The present Gun Turret section of the Admiralty Pier has been changed and amended in size and function throughout its life culminating in the Ancient Monument structure now seen complete with its pair of 80 ton 16” rifled muzzle loading guns housed within a nine hundred ton steam powered revolving iron turret.
More modern 6” breech loading guns were provided in concrete emplacements to the top of the fort between 1907 and 1909. While the emplacements are still visible, these guns were removed after the Second World War.
Throughout their construction and life, the pier structures have been severely tested by the Great British weather.
Sometimes withstanding the assault undamaged (the storm of 7th October 1850) and sometimes suffering defeat and damage (the storm of New Year’s Day 1877) after which changes and strengthening works took place to secure the structure for the future.
The marine station buildings
Swamped by increasing passenger numbers, the Board decided that the need for improvements to station facilities on the Admiralty Pier were necessary and, in 1914, the Dover Marine opened.
Initial layouts of the station and associated berths for the South Eastern and Chatham Railway were published in May 1906 and, as the momentum for building the structure increased, these were subject to continuing amendment and development to arrive close to the solution seen today.
These showed four tracks arranged around two island platforms within the building along with a pedestrian bridge connecting the station to the road network close to Lord Warden House by means of the Stair Tower for access. The covered walkway and stair tower were divided internally to separate station use from that of access to the Admiralty Pier Walkway.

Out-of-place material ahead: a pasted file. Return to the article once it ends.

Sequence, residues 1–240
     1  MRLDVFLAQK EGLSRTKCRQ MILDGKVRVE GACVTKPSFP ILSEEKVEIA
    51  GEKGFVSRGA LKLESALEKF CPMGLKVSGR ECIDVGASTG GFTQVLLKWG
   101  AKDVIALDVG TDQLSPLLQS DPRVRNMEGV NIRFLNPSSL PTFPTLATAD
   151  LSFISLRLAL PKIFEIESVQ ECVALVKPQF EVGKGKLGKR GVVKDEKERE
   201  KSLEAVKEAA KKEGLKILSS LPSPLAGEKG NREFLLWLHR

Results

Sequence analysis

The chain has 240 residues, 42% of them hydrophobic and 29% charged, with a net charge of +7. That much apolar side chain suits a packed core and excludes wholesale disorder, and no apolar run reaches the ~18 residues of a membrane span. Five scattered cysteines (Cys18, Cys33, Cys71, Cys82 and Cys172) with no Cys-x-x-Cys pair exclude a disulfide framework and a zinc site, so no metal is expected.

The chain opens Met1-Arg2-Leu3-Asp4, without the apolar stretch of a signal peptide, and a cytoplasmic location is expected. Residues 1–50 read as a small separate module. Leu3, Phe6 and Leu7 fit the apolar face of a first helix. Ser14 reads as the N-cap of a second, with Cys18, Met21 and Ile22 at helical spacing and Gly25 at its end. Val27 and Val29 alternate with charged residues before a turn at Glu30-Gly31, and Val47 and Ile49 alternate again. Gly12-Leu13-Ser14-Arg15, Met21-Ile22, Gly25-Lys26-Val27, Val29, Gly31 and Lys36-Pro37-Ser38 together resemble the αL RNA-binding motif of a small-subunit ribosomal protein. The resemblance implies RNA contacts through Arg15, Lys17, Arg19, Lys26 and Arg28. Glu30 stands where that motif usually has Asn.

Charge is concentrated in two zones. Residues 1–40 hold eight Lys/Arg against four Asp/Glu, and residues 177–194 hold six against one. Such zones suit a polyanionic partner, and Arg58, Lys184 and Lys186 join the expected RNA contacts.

The Marine Station Building was constructed between 1912 and 1914 on land reclaimed between 1907 and 1913 from the harbour by the Dover Harbour Board inside the line of the Admiralty Pier.
In 1953, Dover’s first two drive-on drive-off ferry berths were opened at the Eastern Docks. Until then cars and even coaches had been craned on and off ferries. In the first year it was anticipated that we would handle about 10,000 vehicles per year. In fact 10 times that amount materialised.
As well as being responsible for the day to day operation and running of Europe’s busiest ferry port, we are home to a large number of historic buildings, many of which are listed and therefore also benefit from additional protection by English Heritage.
Of those within operational areas (the Eastern and Western Docks) the most significant are located in the Western Docks and consist of the Marine Station building itself (home to Cruise Terminal 1) and the surrounding access structures along with the Admiralty Pier which forms the western arm enclosing Dover Harbour.
Grade 2 listed structures
These structures are listed Grade II by English Heritage with the following reasons given in the listing.
- A handsome Beaux Arts style virtually unaltered example of a major station of circa 1914 by the South Eastern and Chatham Railway Company.
- It is a good example of the most developed form of ferry port railway station.
- It contains the war memorial for the South Eastern and Chatham Railway Company, including a fine bronze sculpture.
- It has additional significance for its military role as a point of departure for the Western Front during the First World War and for the Dunkirk evacuation during the Second World War.
The Port of Dover takes its responsibility for maintaining all of its historic assets seriously and has undergone a major multi-million pound project to repair and improve the station building and its ancillary structures for future generations.
It has a Port & Community Forum in order to understand and appreciate the Port’s many heritage assets and how the most can be made out of them for the benefit of the community in order to deliver something tangible and transformational. Such work has resulted in the Port being a winner of the National Railway Heritage Awards 2016.